By George Githinji
During the last month, the mainstream media has treated us with anecdotes regarding how Moses Kuria procured witnesses to â€˜fixâ€™ the Deputy President William Ruto at The Hague. Moses Kuria claims to have procured the witnesses for as low as Ksh2000 each and goes ahead to incriminate other politicians like the former Justice and Constitutional Affairs Minister Martha Karua as being part of the saga. Nevertheless, the timing of these anecdotes is rather fishy and its motives uncertain.
Nevertheless, despite all these claims of procuring witnesses to â€˜fixâ€™ William Ruto at The Hague, certain issues regarding the ICC cases since they began need to be ironed out. These issues are concerned with the interference of witnesses, including witness bribery, witness intimidation and witness disappearances.
Issues of witness bribery became popular when Uhuru Kenyatta, William Ruto and their cronies began accusing the civil society, especially the Africa Centre for Open Governance (AfriCOG) and the Kenya National Commission on Human Rights (KNCHR), of using bribes to procure witnesses to testify against them at the International Criminal Court (ICC). DP William Ruto also accused the former Prime Minister Raila Odinga of having â€˜fixedâ€™ him at The Hague after they fell out during the era of the coalition government, but that claim did not hold water for long.
Issues of bribery also arose when Uhuru Kenyatta and William Ruto were accused of using their cronies to bribe ICC Prosecution witnesses to recant their evidence against them. They would approach the witnesses and allegedly entice them with large amounts of money. Numerous stories of witnesses having achieved lifestyle changes because of these bribes have been reported in the media in the past.
Witness intimidation is an issue that was often raised by the ICC Prosecution regarding its witnesses recanting their evidence after fearing for their lives. This situation was exacerbated when Uhuru Kenyatta and William Ruto became president and deputy president respectively. The witnesses reported receiving death threats from â€˜unknownâ€™ sources telling them to recant their evidence or withdraw as prosecution witnesses, failure to which negative consequences would befall them. Many withdrew in the process. Other witnesses became intimidated by the newly found status of the presidency by Uhuru Kenyatta and his deputy William Ruto and, fearing for their lives, they withdrew from the prosecution witness position.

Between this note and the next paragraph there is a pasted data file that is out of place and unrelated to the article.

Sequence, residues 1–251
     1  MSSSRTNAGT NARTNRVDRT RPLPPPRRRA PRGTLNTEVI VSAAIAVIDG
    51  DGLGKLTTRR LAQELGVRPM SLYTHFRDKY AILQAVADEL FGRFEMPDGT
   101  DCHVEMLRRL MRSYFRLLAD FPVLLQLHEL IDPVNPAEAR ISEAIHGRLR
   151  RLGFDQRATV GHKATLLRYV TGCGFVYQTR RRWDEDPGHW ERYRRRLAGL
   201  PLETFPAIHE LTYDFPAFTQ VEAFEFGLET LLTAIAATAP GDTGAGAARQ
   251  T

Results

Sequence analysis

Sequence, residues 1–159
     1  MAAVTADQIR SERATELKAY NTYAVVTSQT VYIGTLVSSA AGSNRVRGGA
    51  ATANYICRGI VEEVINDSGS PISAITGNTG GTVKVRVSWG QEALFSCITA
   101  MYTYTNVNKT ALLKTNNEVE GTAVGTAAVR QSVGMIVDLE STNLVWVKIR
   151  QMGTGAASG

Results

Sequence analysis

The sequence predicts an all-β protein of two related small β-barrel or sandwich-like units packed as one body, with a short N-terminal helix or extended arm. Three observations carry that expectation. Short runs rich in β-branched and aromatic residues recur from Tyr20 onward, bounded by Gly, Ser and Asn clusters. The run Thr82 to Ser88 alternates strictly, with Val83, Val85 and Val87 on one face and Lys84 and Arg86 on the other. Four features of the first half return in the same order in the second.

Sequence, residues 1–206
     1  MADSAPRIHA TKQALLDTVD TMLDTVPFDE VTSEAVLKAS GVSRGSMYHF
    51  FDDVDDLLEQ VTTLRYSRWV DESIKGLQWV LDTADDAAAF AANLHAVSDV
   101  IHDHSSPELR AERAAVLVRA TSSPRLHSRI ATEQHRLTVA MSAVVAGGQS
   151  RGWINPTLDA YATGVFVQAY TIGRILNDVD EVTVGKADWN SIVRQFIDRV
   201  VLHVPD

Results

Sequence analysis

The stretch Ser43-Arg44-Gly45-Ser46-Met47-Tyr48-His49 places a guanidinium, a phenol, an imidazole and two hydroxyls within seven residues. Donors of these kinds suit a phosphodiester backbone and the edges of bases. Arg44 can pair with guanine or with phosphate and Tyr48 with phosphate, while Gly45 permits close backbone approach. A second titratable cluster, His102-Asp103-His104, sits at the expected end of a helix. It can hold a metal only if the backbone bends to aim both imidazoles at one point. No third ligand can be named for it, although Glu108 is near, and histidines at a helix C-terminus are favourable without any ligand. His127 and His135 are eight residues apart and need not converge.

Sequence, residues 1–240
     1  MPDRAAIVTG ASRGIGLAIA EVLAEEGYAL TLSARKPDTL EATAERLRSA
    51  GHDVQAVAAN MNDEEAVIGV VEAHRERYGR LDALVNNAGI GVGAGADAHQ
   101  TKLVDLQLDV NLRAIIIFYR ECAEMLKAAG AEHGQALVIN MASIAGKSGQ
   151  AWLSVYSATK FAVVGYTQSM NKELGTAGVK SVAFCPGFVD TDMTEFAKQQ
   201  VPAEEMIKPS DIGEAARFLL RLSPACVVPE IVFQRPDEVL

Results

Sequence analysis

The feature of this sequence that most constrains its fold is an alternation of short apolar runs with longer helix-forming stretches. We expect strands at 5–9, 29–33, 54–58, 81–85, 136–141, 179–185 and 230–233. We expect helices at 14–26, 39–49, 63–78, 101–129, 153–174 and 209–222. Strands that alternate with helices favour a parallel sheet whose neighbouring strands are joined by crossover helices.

Witness disappearances involves the identified ICC prosecution witnesses being kidnapped and never to be found. Many of them turned up dead and others disappeared completely. This has caused agony and anguish to the families of the victims who â€˜disappearedâ€™. Witness disappearances have been blamed on the president, his deputy and their cronies. There are cases where, when the ICC cases were in session, the prosecution could not trace certain witnesses because they could not be found in their last known position. Nevertheless, others went into hiding fearing for their lives, often due to intimidation.
Therefore, for Kenyans and the PEV victims to find closure, these three issues must be addressed. The civil society organizations involved in obtaining witnesses for the ICC prosecution ought to come clean on how they did it. The president, his deputy and their cronies should also come out clean regarding issues of witness intimidation and disappearances, including deaths of the witnesses (and further investigations done).
It is very pathetic that the narrative has been diverted to favor the president and his deputy while the plight of the PEV victims has been neglected. To make matters worse, some IDPs are still in camps and the Jubilee government is playing politics with their plight.
Otherwise, Moses Kuria should stop bickering about who â€˜fixedâ€™ Ruto thereby raising unnecessary tensions to hoodwink Kenyans.